Regardless of where you live, there is the potential for harm. Ironically, a recent survey revealed that approximately only 10 percent of Californians carried earthquake insurance. 

Other forms of harm can come from various sources, whether housefires, break-ins or other uncontrollable events. Coach nervous buyers by explaining the protection options available. 

4. Fear of personal harm

Fear-raising questions that plague buyers include the potential of job loss, sickness or even death. Again, there are protections available in varying types of insurance. Coach them to weigh all their options so they understand what might be best for them. Ironically, I am amazed at the number of buyers who don’t have any personal insurance. 

Life is full of risk. Those who succeed in reaching their goals are the ones who accept that risk lines the pathway to success and choose to go up the road anyway. You might fall off the path occasionally, but in the end, the benefits of owning real estate far outweigh the risks.

Carl Medford is the CEO of The Medford Team.
4 Tips for Dealing With Buyers' Fears in an Overheated Market
Article Courtesy of: Inman News
By: Jimmy Burgess

If your business isn’t growing in today’s unprecedented market, your leads likely aren’t the problem — your activities are. Success comes through consistently doing the things that help your business grow.

Practicing certain disciplines on a daily, weekly or monthly basis compounds the results over time and leads to tremendous growth. So, if you’re looking for business growth, these disciplines will help.

1. Send one thank-you note per day

Start your day by writing a note to someone who has helped you personally or professionally, or send a note of congratulations to someone who deserves it. Thank that lender who went above and beyond. Thank that person who sent you a referral. Congratulate your past client who got a promotion or who had a baby or grandchild.

When you start your day looking for things to be thankful for, it establishes a mindset of recognizing and appreciating more of the things around you. Even better, when you show your appreciation to the people who have helped you, they are more inclined to do it again by sending even more opportunities your way.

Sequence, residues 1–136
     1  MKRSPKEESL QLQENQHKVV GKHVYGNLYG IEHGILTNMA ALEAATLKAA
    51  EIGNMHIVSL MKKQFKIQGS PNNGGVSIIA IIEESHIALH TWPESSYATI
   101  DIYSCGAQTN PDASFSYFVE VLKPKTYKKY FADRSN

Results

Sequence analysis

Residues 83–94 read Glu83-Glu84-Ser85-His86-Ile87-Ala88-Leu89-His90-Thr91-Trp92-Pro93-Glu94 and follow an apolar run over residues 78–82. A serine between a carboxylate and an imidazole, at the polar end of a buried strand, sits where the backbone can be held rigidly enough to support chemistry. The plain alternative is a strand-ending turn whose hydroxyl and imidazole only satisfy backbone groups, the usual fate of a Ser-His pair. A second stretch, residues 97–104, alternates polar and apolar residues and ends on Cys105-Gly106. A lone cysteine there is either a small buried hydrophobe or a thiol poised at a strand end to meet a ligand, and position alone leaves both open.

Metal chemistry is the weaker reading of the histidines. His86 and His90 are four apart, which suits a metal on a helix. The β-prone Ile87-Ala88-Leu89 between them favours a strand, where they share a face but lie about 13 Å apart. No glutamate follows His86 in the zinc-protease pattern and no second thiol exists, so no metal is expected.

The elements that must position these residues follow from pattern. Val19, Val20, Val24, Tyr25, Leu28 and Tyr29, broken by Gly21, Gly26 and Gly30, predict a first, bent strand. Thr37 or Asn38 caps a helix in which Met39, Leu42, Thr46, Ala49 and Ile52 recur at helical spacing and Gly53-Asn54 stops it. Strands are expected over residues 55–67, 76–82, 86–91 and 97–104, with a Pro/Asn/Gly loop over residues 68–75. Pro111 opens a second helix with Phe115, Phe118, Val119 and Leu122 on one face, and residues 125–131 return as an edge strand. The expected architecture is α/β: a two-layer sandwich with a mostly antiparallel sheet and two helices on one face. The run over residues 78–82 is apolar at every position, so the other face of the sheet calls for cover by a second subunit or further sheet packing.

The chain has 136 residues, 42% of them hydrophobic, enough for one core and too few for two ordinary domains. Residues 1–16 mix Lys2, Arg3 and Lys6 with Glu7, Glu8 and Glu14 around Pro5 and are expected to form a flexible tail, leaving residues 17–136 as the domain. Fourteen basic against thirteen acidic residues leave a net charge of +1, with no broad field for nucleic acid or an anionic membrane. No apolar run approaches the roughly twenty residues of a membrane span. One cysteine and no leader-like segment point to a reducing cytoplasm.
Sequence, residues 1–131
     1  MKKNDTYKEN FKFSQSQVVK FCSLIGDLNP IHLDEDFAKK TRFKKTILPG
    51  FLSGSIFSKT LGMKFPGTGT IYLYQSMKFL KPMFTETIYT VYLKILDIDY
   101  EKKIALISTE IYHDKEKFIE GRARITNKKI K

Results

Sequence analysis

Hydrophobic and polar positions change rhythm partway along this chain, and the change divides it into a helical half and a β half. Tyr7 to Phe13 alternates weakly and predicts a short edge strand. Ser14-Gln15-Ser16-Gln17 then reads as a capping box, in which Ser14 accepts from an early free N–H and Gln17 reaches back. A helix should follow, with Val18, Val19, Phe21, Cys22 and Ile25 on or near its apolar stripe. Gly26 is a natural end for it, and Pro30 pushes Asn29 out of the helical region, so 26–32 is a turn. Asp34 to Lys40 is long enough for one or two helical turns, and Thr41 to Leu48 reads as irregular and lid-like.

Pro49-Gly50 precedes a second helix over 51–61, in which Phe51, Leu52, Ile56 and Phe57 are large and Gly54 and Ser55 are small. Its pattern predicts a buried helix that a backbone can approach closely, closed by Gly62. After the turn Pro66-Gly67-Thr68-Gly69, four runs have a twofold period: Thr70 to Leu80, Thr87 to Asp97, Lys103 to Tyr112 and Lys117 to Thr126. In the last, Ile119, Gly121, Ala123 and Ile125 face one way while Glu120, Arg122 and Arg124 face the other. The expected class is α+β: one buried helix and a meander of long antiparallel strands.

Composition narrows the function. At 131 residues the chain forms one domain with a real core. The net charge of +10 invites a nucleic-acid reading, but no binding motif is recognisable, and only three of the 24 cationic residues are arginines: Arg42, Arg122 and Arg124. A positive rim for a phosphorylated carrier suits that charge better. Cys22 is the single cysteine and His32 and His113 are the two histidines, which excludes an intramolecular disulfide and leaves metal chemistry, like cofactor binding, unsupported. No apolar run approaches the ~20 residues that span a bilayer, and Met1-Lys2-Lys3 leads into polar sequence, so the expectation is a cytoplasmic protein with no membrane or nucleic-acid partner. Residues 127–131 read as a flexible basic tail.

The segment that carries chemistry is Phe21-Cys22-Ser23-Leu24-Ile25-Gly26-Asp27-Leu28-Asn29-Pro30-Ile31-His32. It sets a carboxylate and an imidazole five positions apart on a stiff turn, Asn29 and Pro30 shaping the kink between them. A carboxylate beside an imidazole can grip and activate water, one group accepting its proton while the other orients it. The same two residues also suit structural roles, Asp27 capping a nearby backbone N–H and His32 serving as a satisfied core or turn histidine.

The practice of handwritten notes is personal. It shows the recipients you care enough to take the time to recognize them. It sets you apart, and ultimately, it’s simply the right thing to do if you are wanting to be the best possible version of yourself.

Thank-you notes will help you set the right mindset for yourself, and they’ll also generate goodwill among the people you’re sending them to.

2. Add at least one person to your database every day

Your business grows in direct proportion to the number of people you add to your database and for whom you add value through consistent communication. These daily additions can come through circle prospecting, farming, referrals, marketing, or people you’ve met in your personal life.

If you want your business to grow faster, add more people to your database each day, and then do the work of helping them to know, like and trust you using weekly emails and other communications that keep you top-of-mind.

The more personal your interactions are, the more likely you are to build a relationship that moves them toward becoming your customer. Adding new people to your database daily is the first step to better relationships and business growth.

3. Send a personalized property to at least one person per day

I’m sure you have automated emails going out with properties to the people in your database, but a personalized email on a specific property is extremely powerful.

Each day, find a property on your hot sheet that’s relevant to a buyer or a seller in your database. It could be a just-listed property that might interest your buyer, or a just-sold property that could impact your sellers’ home value.

You’ll send it with an invitation for them to contact you with any questions, and the personal outreach will create momentum that tells the customer that you’re working hard on their behalf.

It’s a simple, personal way to launch a conversation that allows you to provide valuable information for your customers and build rapport that can lead to lifelong relationships.

4. Send one unsolicited video CMA each day

This practice personally helped me generate $11 million worth of listings over 72 days just by sending out one CMA a day to people in one of three groups:

• People who told me they were interested in selling within the next year or two.
• Past buyer clients who live in a home that I sold them.
• People who are homeowners in the area, who I’d met through marketing activities like open houses and farming.